April Fashion: Fast Fashion Comes at a Cost


illustration by Jayden Barnes

Chloe Mendoza, Co-Editor in Chief

In a world with new clothing trends hitting the market everyday, it’s difficult not to be hooked by the allure of the fast fashion industry. Fast fashion is the cheap mass production of trendy clothing items, but its negative effects can often be overlooked by the instant gratification of a speedy delivery. 


History and Workers Rights 

During the late twentieth century, the manufacturing of cloth and textiles became cheaper and easier, making the fast fashion business model possible. This industry relies on accelerating trends, sacrificing clothing quality for quantity and production speed. Clothing companies often use cheap labor in foreign countries such as Bangladesh, India, China, and Indonesia to supply the demand for the latest trend all over the world, often utilizing sweatshops and violating labor rights. Those involved in the production process are not paid living wages and often exposed to dangerous chemicals in the cheap clothing. 


Effect on the Environment 

Fast fashion accounts for ten percent of all carbon emissions in the world and is second only to the oil industry when it comes to pollution. The chemicals used in cheap clothing often find their way to landfills after being discarded. About 5,000 tons of non-biodegradable microfibers end up in the ocean annually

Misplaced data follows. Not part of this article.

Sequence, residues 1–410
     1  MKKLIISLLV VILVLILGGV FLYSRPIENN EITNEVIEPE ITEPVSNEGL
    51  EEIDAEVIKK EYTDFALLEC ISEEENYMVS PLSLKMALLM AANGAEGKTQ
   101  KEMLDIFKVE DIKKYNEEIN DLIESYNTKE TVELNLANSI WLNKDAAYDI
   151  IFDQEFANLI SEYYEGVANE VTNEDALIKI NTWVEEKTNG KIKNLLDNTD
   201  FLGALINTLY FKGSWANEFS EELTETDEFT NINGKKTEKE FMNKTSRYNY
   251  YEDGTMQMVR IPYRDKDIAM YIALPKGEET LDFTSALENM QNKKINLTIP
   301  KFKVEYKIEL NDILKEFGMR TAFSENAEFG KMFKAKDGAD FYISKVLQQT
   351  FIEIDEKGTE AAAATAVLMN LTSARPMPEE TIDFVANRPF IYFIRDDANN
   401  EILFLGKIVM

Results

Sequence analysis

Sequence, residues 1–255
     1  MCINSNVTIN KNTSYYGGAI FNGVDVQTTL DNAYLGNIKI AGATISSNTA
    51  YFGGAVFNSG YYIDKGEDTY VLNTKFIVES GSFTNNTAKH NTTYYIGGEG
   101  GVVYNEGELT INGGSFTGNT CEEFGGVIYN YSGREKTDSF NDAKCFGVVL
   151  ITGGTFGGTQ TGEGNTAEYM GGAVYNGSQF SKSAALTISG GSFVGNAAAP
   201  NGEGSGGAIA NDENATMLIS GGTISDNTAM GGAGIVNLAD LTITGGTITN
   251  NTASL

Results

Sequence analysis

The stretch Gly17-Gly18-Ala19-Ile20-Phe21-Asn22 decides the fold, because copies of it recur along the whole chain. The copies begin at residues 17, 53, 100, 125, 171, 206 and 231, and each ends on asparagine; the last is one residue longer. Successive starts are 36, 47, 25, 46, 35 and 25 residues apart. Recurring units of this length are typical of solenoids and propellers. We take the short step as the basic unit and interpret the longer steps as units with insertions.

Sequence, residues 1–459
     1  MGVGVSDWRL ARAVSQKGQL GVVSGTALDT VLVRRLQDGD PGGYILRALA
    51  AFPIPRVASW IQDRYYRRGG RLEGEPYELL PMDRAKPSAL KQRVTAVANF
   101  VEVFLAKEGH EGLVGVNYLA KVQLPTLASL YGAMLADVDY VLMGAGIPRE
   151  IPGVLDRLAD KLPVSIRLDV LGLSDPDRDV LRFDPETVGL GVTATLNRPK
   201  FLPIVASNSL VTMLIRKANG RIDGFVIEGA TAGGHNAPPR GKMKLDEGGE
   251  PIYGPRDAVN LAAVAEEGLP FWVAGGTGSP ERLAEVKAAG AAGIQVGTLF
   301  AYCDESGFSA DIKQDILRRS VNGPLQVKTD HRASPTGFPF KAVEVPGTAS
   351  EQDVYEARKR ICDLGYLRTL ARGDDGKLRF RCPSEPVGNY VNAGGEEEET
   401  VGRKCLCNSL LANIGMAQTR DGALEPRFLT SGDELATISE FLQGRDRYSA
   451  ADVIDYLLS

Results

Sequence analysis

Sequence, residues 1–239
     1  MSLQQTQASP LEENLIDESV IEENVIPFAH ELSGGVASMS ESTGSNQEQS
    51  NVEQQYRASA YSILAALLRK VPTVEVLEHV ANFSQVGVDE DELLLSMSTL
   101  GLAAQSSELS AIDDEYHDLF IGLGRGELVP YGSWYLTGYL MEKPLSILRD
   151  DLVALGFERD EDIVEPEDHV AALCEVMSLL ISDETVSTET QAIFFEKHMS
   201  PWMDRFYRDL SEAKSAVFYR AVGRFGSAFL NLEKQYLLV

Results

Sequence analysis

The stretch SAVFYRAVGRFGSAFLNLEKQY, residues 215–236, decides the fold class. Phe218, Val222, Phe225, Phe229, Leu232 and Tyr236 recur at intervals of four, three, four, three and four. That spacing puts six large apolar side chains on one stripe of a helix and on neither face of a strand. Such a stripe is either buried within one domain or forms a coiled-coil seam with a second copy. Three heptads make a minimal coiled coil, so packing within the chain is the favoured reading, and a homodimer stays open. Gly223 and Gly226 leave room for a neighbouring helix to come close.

Today, the world consumes about eighty billion pieces of clothing each year, which is four hundred percent more than we consumed only two decades ago. People across the globe flit from trend to trend more quickly than ever before. Instead of recycling or donating clothing that weren’t sold, many fast fashion companies often toss or burn the unsold items, leading to significant losses of natural and financial resources.


But also, Affordability 

Finding ethical and sustainable means of consumption is easy when you have the resources and money, but not everyone does. With Gen Z making up 40 percent of the number of US consumers, the influence of the younger generation continues to soar, as does social pressure to look a certain way. For many people, fast fashion is one of the only means of acquiring clothing. 


Other Alternatives 

Some cost friendly alternatives to supporting the Fast Fashion industry include shopping from second hand stores, supporting small local businesses, or researching companies that treat their workers fairly and use clean energy. Another way to save money and look your best is to buy less clothing in exchange for buying good quality staple pieces of clothing. With a handful of these pieces in the closet, the possibilities are endless!